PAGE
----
Shuman Roy is an entrepreneur, business owner, and musician. He started RoysNoys, LLC in 2013 as a music production and education service company. He also offers small business consulting and advisory services to help businesses get from start-up mode to turn-key operations. Shuman earned his M.B.A from the Stern School of Business in 2001 and has an undergraduate degree from Manhattan College in ...

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Joel Ohman is the CEO of a private equity-backed digital media company. He is a CERTIFIED FINANCIAL PLANNER™, author, angel investor, and serial entrepreneur who loves creating new things, whether books or businesses. He has also previously served as the founder and resident CFP® of a national insurance agency, Real Time Health Quotes. He has an MBA from the University of South Florida. Joel...

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Reviewed by Joel Ohman
Founder, CFP®

UPDATED: Jul 19, 2021

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The concept of “indemnity” is a basic fundamental of insurance…and there are certain types of insurance policies that may be referred to as “indemnity insurance” policies.

Indemnity Insurance for “Others”

Without going into mind numbing insurance speak, indemnity simply refers to the idea that you purchase insurance in order to protect yourself and reimburse someone who you may have “injured” financially or physically in order to make them “whole” again.

The financial injury may be in the form of bodily injury or property damage you may have caused to others.

In fact, even personal and advertising injury you cause to others may be insured against via commercial general liability insurance.

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Indemnity Insurance for Yourself

You can also purchase an “indemnity policy” designed to protect yourself financially.

This class of insurance is referred to as professional liability insurance.

Examples of professional liability insurance include malpractice insurance for doctors and errors and omissions insurance for an insurance agent.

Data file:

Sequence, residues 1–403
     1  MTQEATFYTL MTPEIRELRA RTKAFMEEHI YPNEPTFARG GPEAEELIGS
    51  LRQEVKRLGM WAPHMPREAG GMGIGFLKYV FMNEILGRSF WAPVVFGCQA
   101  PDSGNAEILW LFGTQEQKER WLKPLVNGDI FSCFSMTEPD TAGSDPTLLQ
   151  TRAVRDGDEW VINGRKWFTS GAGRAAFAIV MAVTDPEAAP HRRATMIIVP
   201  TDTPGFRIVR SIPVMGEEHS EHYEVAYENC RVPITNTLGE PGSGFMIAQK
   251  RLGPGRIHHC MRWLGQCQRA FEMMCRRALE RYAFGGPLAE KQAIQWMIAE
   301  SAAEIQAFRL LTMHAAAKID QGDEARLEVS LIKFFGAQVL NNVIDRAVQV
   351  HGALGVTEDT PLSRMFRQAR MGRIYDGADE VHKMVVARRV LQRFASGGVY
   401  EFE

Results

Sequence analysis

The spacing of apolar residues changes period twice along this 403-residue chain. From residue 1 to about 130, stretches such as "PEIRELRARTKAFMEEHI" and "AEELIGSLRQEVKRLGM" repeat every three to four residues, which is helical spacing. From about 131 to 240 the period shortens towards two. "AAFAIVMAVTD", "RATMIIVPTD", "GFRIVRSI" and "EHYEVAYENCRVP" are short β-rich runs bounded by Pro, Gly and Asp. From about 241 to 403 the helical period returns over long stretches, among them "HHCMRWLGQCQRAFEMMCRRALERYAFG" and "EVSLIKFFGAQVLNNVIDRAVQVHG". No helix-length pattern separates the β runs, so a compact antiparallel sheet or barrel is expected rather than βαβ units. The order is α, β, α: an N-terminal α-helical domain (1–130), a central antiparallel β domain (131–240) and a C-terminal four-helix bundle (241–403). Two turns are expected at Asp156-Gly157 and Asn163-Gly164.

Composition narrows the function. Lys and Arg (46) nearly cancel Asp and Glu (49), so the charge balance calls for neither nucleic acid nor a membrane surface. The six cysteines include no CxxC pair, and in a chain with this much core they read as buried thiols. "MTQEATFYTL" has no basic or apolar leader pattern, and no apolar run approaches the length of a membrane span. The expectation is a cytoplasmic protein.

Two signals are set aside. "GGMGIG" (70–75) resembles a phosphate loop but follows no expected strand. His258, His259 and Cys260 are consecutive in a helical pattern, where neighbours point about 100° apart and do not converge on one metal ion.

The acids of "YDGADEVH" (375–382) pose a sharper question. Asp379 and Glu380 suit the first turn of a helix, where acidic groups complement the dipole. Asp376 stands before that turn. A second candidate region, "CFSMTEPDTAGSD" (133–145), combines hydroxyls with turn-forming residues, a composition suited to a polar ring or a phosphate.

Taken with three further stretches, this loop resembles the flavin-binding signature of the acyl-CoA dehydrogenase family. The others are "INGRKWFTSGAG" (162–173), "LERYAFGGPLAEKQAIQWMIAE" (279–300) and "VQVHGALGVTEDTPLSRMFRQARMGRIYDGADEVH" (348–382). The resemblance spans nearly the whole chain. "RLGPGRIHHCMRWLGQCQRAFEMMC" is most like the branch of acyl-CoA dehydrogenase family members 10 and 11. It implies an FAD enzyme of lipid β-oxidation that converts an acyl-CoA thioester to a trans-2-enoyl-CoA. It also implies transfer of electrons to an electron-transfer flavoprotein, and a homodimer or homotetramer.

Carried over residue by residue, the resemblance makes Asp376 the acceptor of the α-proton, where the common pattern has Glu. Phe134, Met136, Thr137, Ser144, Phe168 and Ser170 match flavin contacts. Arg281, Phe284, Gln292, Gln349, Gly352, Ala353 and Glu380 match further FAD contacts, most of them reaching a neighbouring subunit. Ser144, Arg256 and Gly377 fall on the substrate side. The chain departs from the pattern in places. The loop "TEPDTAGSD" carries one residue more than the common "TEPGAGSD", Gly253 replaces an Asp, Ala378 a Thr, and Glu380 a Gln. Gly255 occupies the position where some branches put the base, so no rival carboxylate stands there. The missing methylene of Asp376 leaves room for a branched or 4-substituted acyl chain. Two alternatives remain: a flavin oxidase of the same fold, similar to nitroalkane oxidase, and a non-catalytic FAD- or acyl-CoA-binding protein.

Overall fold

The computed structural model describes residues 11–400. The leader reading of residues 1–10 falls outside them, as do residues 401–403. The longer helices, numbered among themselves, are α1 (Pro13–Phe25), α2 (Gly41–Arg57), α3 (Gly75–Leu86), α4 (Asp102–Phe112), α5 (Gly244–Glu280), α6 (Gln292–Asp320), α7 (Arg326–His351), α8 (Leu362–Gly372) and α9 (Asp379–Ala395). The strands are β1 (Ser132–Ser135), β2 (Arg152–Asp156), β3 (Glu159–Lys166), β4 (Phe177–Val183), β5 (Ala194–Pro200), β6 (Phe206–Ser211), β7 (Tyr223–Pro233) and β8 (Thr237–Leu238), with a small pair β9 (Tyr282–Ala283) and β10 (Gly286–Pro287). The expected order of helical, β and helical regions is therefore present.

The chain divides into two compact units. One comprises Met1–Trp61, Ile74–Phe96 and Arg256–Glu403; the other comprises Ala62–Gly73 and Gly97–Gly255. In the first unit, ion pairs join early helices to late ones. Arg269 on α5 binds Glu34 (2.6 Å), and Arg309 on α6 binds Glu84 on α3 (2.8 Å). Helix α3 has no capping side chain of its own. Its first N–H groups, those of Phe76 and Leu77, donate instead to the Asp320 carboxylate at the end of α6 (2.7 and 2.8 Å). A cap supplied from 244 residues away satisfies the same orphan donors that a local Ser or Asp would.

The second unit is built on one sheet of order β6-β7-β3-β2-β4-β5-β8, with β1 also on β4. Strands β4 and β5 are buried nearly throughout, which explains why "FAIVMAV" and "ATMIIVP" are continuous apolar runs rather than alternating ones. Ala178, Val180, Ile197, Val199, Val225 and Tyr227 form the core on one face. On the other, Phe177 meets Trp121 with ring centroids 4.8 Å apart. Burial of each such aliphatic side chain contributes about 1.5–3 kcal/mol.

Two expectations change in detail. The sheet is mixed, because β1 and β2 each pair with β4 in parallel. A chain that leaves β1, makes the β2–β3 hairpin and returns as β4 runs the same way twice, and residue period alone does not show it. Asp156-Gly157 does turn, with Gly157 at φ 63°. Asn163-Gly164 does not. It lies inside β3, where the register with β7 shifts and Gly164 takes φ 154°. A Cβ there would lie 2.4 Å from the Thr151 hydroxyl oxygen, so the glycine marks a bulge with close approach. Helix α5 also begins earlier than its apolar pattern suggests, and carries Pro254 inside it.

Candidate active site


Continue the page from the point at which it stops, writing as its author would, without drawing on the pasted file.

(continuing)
As professionals, doctors, lawyers and insurance agents are expected to do their job without making mistakes.

But if and when a mistake does occur, the person or entity they are performing a service for may become “injured,” either physically or financially.

As a result, they may be sued for the damages they cause, and must have indemnity insurance to protect themselves and make the injured party whole again.

Life insurance isn’t considered “indemnity insurance” because it doesn’t compensate beneficiaries for actual economic losses – rather it pays out the entire policy sum to the beneficiary.

Health Insurance Indemnity

In addition to the indemnity insurance policies discussed above, there is also a health insurance indemnity policy available to consumers.

This type of coverage is frequently referred to as “fee-for-service coverage.”

Health insurance indemnity is one of the earliest types of health insurance available to consumers.

It allows an individual or family to obtain health insurance coverage without being subject to a “network” of care providers the way a PPO or HMO would.

This is “old school” health insurance. It’s designed to save you from absolute financial ruin by way of medical costs.

As you might expect, it is not for the faint of heart and is usually VERY expensive versus today’s HMO and PPO plans…again, no networks here.

The basic design of this coverage is as a “stop gap” to more serious health insurance claims, after your deductible is met and your percentage share of the remaining costs up to the stop gap are met.

Stop gap coverage describes a plan that limits your total expenditure for a year.

Let’s look at an example…pay close attention to this one.

  • Your deductible is $1,000
  • Your co-insurance percentage is 20% up to the out-of pocket maximum of $10,000

With indemnity health insurance, your expenses would look like the following if you suffered a medical expense that totaled $51,000 (which would be the minimum dollar amount of a claim that would bring you to your out-of pocket-maximum).

You’d be responsible for the first $1,000 (your deductible). You are then responsible for the next 20% up to the stop gap (up to $10,000 – of your money).

So, in reality, you are looking at 20% of $50,000 which equals $10,000) + your $1,000 deductible.

I understand this may be difficult to follow, but pretend like it is your money and it gets easier to wrap your brain around.

(photo: Max Barners)